Timothy Heald #1 was born June 7, 1696, in Concord, Massachusetts, and died there March 28, 1736. He married Hannah Wobby in 1721. He was a blacksmith, who died young “from hot metal in his eye,” according to Find a Grave.

Timothy #1 and Hannah had either four or six sons and maybe one daughter. Their oldest son they named Timothy (#2).

WikiTree says their youngest son was Ebenezer #1, born in 1736 in Concord, after his father’s death. Find a Grave lists four sons (no daughters) born to Timothy #1 and Hannah between 1723 and 1732. None is named Ebenezer.

Find a Grave says Ebenezer #1 was born June 26, 1767, in New Ipswich, New Hampshire, son of Timothy #2. WikiTree has no Ebenezer among Timothy #2 and Elizabeth’s children. Yet another source, time.graphics, says explicitly Lieutenant Timothy, Jr., and Elizabeth did not have a son named Ebenezer.

WikiTree and Find a Grave both say Ebenezer #1 died in March 1818 in Winslow. He married Elizabeth Heywood (born May 20, 1764, died in 1816) on Oct. 15, 1782. The oldest of their six sons and two daughters was Ebenezer #2.

Ebenezer Heald is buried in Barton-Hinds Cemetery, also in Winslow.

Timothy #2, known as Lieutenant Timothy Heald, was born was Oct. 14, 1723, in Concord, and died Aug. 18, 1785, in Winslow, Maine. He married Elizabeth Stevens in 1748.

Timothy #2 and Elizabeth had two sons and a daughter; they named their older son Timothy (#3; one source calls him Captain) and their younger son Josiah, according to WikiTree.

Timothy #3 (son of Timothy #2 and Elizabeth) was born May 24, 1749, in New Ipswich, New Hampshire, or May 20, 1749, in Townsend, Massachusetts. He died May 11 or May 17, 1817, in Winslow.

Timothy #3 married Abigail Cragin on Feb. 16, 1779, in Winslow. They named the first of their 17 children Timothy (#4; born in 1779 and died in 1810). Abigail died July 18, 1857, at the age of 95; husband and wife are buried in Winslow’s Fort Hill cemetery, according to Find a Grave.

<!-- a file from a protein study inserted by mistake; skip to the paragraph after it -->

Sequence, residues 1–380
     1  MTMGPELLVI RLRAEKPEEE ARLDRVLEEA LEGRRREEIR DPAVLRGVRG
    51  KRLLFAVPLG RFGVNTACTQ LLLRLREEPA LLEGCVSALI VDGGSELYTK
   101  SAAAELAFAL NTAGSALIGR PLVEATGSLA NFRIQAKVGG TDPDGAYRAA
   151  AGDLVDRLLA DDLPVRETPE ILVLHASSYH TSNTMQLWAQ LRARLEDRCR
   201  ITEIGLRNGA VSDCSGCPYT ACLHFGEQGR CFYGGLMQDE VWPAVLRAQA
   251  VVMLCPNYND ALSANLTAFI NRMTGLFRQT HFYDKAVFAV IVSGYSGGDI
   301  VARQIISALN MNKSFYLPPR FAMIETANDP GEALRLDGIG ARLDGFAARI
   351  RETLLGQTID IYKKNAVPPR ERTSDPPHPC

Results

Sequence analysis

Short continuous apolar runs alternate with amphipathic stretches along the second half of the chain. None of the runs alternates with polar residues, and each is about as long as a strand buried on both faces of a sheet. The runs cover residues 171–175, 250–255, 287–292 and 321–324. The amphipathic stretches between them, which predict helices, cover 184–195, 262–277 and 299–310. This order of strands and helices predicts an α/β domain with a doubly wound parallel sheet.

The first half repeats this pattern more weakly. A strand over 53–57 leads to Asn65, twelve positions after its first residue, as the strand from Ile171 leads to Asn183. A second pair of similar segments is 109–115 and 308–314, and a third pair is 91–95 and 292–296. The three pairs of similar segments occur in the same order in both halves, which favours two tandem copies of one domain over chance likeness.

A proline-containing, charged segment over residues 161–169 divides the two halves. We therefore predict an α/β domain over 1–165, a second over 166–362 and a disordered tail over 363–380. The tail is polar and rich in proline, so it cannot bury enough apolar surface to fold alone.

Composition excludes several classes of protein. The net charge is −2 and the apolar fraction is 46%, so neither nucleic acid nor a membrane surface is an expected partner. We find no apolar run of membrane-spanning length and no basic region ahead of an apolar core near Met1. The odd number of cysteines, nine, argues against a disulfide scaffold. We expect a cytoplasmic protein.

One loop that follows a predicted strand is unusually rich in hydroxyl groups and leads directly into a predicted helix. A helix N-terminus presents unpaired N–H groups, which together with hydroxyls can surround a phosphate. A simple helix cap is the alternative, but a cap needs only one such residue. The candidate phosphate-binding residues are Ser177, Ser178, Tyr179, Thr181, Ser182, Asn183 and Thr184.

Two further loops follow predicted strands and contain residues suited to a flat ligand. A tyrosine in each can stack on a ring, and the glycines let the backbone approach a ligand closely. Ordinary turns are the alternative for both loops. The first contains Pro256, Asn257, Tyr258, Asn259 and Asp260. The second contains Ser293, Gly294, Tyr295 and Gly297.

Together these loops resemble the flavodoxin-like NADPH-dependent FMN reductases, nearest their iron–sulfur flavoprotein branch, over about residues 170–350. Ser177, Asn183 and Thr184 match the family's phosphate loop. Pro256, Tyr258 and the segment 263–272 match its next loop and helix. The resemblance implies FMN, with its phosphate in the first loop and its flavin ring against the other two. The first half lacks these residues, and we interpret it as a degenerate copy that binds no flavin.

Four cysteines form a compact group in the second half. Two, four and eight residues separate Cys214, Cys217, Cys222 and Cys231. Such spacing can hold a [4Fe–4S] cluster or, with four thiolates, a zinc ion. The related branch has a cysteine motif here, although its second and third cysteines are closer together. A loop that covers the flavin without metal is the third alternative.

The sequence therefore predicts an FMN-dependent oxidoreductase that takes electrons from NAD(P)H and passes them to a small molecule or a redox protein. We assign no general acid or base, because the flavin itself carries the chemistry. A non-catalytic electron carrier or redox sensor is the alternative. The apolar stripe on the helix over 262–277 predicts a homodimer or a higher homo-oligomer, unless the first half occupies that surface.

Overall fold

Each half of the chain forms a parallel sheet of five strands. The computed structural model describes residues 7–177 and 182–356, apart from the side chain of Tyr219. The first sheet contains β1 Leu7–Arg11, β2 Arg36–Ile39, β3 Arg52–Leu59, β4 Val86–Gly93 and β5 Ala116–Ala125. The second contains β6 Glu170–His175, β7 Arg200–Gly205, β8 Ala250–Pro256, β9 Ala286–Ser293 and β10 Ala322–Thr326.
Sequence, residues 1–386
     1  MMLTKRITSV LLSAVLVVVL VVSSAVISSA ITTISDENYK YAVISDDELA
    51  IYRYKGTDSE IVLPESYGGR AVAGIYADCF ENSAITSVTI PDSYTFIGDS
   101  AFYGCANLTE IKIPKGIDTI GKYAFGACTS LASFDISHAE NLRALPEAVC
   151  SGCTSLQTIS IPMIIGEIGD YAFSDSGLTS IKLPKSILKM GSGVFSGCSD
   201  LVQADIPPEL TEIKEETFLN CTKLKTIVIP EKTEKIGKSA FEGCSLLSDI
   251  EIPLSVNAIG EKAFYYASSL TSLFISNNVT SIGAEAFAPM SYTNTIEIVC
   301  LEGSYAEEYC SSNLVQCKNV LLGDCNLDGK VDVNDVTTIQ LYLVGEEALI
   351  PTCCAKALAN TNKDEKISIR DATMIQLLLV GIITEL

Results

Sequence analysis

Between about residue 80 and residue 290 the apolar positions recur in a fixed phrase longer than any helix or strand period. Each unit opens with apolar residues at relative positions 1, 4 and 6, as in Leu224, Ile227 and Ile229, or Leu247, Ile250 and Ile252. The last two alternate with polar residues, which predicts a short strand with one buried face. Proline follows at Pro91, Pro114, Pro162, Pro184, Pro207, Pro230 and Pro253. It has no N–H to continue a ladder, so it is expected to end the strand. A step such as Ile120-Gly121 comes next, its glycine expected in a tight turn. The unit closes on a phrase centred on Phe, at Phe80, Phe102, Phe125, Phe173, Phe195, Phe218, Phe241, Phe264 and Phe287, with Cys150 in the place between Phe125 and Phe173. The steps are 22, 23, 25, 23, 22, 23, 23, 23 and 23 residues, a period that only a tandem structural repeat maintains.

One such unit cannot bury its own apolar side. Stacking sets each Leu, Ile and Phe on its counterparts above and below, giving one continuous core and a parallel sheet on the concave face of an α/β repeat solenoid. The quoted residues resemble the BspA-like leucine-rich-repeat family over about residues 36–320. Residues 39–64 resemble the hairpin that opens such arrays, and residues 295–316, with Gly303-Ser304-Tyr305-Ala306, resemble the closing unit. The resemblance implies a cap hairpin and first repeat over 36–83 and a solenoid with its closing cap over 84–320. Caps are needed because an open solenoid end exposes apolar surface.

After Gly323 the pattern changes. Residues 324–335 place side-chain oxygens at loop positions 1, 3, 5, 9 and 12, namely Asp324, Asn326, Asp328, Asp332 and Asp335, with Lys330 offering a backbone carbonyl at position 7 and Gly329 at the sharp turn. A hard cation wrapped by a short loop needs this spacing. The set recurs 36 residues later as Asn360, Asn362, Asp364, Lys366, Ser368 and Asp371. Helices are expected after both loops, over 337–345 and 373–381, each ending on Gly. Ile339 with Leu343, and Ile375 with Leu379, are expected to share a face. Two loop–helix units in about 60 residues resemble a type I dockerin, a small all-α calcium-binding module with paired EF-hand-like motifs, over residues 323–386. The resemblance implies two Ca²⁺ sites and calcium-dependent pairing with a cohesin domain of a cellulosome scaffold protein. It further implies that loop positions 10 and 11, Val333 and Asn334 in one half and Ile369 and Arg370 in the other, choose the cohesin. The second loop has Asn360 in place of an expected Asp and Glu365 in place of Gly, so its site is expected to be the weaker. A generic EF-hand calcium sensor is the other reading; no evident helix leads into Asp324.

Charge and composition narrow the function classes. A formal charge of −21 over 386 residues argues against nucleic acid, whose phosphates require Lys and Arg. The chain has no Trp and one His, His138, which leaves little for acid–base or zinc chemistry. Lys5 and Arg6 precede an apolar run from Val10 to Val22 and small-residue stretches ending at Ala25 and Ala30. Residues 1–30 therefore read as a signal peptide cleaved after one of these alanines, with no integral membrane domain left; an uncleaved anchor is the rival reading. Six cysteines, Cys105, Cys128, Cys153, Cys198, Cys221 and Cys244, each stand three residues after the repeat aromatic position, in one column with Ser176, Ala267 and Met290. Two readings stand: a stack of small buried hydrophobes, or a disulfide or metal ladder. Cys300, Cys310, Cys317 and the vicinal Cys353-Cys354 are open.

WikiTree says Ebenezer #2 (Ebenezer #1 and Elizabeth [Heywood]’s oldest son), was born in Clinton Oct. 14, 1783, married Lucy Warren in Clinton on Oct. 3, 1806, and died Nov. 1, 1860, in Marshalltown, Iowa. Ebenezer #2 and Lucy named none of their six or seven sons either Timothy or Ebenezer.

Find a Grave says Lieutenant Timothy Heald (#2), born in 1723, came to Winslow and is buried in Fort Hill cemetery. Wikitree says the Ebenezer who was born in 1736 (Ebenezer #1, Lieutenant Timothy’s younger brother) was the one who came to Winslow in the mid-1760s.

Ebenezer in Winslow was a farmer, a lieutenant in the militia and holder of several positions in Clinton: first treasurer in 1795, the year the town was incorporated, and town clerk from 1809 to 1812 and in 1816.

This source says he is buried in the Barton Hinds cemetery, aka the Crosby Farm cemetery, on Eames Road in Winslow.

Main sources

Kingsbury, Henry D., ed., Illustrated History of Kennebec County Maine 1625-1892 (1892).
Robbins, Alma Pierce, History of Vassalborough Maine 1771 1971 n.d. (1971)
Whittemore, Rev. Edwin Carey, Centennial History of Waterville 1802-1902 (1902).

Websites, miscellaneous.